August 19, 2007
While I was away, I missed a Mac developers’ conference right in my backyard. While I’m not a programmer myself, I enjoy such events, because most independent Mac developers (as well as those who cover the platform) are very bright, literate people who are a blast to be around. Little did I know that this conference would stir up a debate more appropriate to a John Randolph Club meeting.
A blogger who goes by the name of Drunkenbatman (who organized his own successful Mac conference a few years back) chaired a panel on Saturday night which has variously been described as “boring,” “controversial,” and even “racist.” The accounts I’ve read by attendees whom I trust confirm the “boring” and “controversial” descriptions, while clearly dispelling the “racist” one.
So, what happened? Drunkenbatman chose to try to start a discussion by putting up a slide that read “Black People Don’t Use Macs.” As John Gruber of Daring Fireball described it:
“There’s a fine line between a moderator challenging his panelists (good) and ambushing them (bad). This came across as the latter; an unanswerable ‘Do you still beat your wife?’ question.”
If Drunkenbatman had left it at that, probably no sane person would have accused him of being a racist; but in the course of the conversation, he stated, according to Gruber’s notes, that “The only black people at Macworld are outside begging for change.” That’s clearly a stupid line; it’s also clearly the sort of thing that someone who is completely unprepared to discuss the very topic that he brought up might say if he finds his back against the wall. And all of the discussion of Drunkenbatman’s supposed “racism” hinges on something like the following formulation: “Why would someone say such a thing if he is not a racist?”
While Gruber and others have correctly pointed out that this topic really had no place at this particular conference, no one that I’ve seen has addressed a more fundamental question: What difference does it make whether blacks (or any other ethnic group) are underrepresented (or overrepresented) among Mac users? Clearly, Drunkenbatman’s broaching of this topic contains an implicit assumption: More black fingers on Macintosh keyboards would qualitatively change the computing experience for other Mac users.
If that isn’t begging the question, I don’t know what is. To be honest, I don’t know what the ethnic breakdown of Mac users might be (and I doubt that Apple does, either). In any case, it’s very hard to see how that breakdown affects me when I sit down in front of my computer to get some work done.
As an Apple stockholder, I’d be just as pleased as Apple’s board of directors would be if every black family in the United States bought a Mac or two—Apple’s market share would increase dramatically. (Along the same line, however, I’d be very displeased if Apple were to spend significant revenue targeting any niche market today, when, with a 5-6 percent market share, gains are more likely to be made by targeting the general audience, regardless of race.) But that’s clearly not the argument that Drunkenbatman was failing to make.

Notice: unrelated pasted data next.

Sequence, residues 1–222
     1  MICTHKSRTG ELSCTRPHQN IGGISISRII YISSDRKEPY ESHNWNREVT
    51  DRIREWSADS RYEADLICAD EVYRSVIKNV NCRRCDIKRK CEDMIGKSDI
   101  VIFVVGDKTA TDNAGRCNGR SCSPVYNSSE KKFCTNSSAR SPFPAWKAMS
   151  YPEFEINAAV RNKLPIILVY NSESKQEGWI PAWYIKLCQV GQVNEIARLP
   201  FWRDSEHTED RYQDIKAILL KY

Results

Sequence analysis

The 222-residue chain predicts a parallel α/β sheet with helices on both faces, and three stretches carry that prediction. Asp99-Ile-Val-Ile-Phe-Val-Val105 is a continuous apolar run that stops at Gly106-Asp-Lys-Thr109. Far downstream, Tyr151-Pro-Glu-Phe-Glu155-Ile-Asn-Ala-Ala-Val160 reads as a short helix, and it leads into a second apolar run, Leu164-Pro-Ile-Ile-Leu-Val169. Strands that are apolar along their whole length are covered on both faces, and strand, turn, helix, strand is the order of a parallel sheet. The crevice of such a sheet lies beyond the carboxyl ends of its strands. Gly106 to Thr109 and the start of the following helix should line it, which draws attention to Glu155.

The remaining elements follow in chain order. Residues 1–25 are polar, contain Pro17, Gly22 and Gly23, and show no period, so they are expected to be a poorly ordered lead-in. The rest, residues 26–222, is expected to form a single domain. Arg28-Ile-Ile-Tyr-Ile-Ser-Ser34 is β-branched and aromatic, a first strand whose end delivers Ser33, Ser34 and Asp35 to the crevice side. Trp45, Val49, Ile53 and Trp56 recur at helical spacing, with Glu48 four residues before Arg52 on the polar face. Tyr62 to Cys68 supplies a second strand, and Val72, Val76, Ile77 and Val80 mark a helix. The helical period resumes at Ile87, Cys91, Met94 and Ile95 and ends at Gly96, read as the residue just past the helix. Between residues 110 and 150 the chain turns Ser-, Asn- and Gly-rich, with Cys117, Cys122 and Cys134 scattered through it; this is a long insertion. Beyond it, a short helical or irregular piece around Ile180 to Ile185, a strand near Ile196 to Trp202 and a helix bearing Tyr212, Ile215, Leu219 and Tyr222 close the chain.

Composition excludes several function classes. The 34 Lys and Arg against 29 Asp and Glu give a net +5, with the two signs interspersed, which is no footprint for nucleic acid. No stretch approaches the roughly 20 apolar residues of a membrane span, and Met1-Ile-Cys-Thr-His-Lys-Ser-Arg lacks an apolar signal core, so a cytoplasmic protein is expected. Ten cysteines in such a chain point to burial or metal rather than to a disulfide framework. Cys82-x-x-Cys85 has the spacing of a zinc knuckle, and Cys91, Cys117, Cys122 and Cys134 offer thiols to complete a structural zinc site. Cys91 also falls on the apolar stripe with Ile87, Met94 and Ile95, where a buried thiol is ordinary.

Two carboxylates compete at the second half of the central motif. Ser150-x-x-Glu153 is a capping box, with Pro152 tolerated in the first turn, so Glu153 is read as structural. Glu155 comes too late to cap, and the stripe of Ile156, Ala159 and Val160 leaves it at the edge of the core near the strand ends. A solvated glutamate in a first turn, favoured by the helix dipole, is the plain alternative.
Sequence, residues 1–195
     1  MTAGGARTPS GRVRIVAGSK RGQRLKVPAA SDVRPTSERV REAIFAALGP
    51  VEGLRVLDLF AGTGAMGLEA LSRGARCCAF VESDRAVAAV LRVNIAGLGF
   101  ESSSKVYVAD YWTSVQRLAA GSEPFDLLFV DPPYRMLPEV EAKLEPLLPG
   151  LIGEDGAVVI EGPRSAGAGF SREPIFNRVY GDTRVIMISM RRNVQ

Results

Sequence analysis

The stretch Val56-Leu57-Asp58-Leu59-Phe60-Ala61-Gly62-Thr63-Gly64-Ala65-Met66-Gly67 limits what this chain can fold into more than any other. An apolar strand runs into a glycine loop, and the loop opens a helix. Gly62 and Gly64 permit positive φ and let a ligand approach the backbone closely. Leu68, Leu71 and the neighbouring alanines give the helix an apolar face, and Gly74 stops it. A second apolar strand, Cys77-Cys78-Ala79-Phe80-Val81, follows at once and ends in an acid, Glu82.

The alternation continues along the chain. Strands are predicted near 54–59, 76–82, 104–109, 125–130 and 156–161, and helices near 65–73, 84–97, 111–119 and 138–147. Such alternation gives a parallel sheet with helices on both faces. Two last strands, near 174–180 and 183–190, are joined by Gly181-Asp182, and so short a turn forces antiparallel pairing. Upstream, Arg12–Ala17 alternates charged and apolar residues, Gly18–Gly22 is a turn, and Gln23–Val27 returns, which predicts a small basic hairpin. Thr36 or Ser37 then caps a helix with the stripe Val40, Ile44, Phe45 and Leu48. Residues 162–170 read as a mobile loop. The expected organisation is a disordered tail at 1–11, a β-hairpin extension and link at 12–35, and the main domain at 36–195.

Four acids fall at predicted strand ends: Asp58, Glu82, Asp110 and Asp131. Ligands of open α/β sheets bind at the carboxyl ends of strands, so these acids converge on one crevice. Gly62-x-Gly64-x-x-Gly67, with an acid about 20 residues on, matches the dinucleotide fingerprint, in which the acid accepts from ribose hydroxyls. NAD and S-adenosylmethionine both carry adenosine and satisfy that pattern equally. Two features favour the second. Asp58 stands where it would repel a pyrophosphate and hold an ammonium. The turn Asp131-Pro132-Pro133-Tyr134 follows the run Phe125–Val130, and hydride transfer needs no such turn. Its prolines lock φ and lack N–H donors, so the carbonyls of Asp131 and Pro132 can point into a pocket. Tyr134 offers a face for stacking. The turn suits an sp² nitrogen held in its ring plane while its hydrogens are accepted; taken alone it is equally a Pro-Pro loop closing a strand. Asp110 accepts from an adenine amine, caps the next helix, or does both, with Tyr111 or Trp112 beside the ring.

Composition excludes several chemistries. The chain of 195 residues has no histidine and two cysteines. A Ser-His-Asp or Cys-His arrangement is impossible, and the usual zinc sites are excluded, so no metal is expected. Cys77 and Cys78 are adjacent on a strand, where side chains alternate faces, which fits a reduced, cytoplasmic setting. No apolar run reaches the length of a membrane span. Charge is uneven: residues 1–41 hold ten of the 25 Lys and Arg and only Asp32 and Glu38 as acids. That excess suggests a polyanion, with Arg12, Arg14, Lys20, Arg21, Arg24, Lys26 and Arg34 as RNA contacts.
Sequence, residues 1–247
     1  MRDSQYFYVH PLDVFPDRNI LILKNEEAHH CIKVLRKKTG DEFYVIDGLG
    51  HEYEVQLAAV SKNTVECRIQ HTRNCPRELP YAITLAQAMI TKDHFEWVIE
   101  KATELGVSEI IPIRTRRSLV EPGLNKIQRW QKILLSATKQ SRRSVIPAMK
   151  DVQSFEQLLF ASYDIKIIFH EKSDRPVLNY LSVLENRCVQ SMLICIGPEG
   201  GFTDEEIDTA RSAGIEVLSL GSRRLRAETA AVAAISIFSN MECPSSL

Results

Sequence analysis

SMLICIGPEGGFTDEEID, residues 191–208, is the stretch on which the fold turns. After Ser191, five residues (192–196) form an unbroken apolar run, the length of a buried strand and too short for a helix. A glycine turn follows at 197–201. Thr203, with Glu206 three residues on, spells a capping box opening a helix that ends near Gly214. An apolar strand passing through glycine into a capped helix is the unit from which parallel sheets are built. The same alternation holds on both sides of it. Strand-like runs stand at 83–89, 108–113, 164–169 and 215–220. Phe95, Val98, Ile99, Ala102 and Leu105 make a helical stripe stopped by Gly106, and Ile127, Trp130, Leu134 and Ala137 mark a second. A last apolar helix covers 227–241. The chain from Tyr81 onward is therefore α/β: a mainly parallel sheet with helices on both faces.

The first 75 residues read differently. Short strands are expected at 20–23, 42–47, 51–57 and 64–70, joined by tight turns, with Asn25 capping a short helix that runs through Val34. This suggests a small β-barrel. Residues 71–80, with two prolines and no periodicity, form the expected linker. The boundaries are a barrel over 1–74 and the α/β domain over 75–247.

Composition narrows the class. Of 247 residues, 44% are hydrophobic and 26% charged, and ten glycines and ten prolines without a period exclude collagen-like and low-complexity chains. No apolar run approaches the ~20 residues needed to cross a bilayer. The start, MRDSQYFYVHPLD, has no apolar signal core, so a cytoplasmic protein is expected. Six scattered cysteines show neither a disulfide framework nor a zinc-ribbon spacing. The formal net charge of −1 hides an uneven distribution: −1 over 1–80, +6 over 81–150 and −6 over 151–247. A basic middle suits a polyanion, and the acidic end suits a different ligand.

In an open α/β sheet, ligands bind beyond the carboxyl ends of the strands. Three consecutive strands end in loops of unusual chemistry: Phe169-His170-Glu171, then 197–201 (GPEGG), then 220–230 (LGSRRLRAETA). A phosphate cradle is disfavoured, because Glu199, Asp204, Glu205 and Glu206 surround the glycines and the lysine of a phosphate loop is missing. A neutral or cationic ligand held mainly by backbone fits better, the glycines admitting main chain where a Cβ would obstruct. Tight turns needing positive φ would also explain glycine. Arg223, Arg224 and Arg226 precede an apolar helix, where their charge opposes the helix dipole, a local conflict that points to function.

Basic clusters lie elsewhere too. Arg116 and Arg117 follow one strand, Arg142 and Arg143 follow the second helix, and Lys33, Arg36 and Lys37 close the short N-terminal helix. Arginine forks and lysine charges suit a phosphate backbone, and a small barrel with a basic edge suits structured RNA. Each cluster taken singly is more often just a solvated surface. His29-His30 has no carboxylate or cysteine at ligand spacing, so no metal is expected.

Much is made of the “Cult of the Mac,” and I have to wonder if there isn’t some of that at work in this discussion. There seems to be an expectation that Apple is supposed to spend money to reach out to everyone, whether that’s a good use of marketing dollars or not. Christ told His disciples to preach the good news to all nations. But Steve Jobs isn’t Christ, and the Mac is just a tool. People choose the tools that they find most appropriate to their task. If my neighbor chooses a different tool from the one that I use, how, exactly, am I harmed?
For good and ill, Americans are obsessed with race, and this little tempest in a teapot simply shows how deep that obsession goes. We’ve long since passed the point where all could agree that the removal of formal barriers was the formula for racial equity. (After all, no one is preventing anyone who has the money to do so from buying a Mac.) Now, it seems, people such as Drunkenbatman are suggesting that companies have a moral imperative to integrate their market share numbers. Where might it all end?
Why, on Capitol Hill, of course! If I recall correctly, Teddy Kennedy was, at one time, the only U.S. senator with Macs in his office. Perhaps he could sponsor the Equal Access to Macs Act of 2007, providing tax credits to all ethnic groups underrepresented in Apple’s market share.
I know; that’s clearly a ridiculous idea.
But I think I’ll buy a few more shares of AAPL, just in case.